The ureter is composed of three coats: adventice (fibrous coat), muscular coat, and mucous coat.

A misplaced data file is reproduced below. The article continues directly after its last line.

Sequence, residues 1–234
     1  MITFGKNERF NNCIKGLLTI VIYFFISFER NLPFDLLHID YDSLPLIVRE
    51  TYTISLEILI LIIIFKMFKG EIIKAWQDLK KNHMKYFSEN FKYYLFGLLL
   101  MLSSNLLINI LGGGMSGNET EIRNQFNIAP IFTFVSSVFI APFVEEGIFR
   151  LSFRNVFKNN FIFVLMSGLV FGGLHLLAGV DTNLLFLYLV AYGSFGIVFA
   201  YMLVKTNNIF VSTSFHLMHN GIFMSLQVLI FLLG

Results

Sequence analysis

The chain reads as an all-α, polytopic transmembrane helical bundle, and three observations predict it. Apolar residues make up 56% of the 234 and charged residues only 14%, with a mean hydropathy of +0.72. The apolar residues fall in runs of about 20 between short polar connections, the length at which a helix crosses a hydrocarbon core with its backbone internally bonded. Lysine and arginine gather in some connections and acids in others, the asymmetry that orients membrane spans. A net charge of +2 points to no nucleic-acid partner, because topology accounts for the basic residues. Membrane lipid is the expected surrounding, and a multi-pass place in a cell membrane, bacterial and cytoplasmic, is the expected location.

The mucous coat (tunica mucosa) is smooth, and presents a few longitudinal folds which become effaced by distension. It is continuous with the mucous membrane of the bladder below, while it is prolonged over the papillæ of the kidney above. Its epithelium is of a transitional character, and resembles that found in the bladder. It consists of several layers of cells, of which the innermost—that is to say, the cells in contact with the urine—are somewhat flattened, with concavities on their deep surfaces into which the rounded ends of the cells of the second layer fit. These, the intermediate cells, more or less resemble columnar epithelium, and are pear-shaped, with rounded internal extremities which fit into the concavities of the cells of the first layer, and narrow external extremities which are wedged in between the cells of the third layer. The external or third layer consists of conical or oval cells varying in number in different parts, and presenting processes which extend down into the basement membrane. Beneath the epithelium, and separating it from the muscular coats, is a dense layer of fibrous tissue containing many elastic fibers.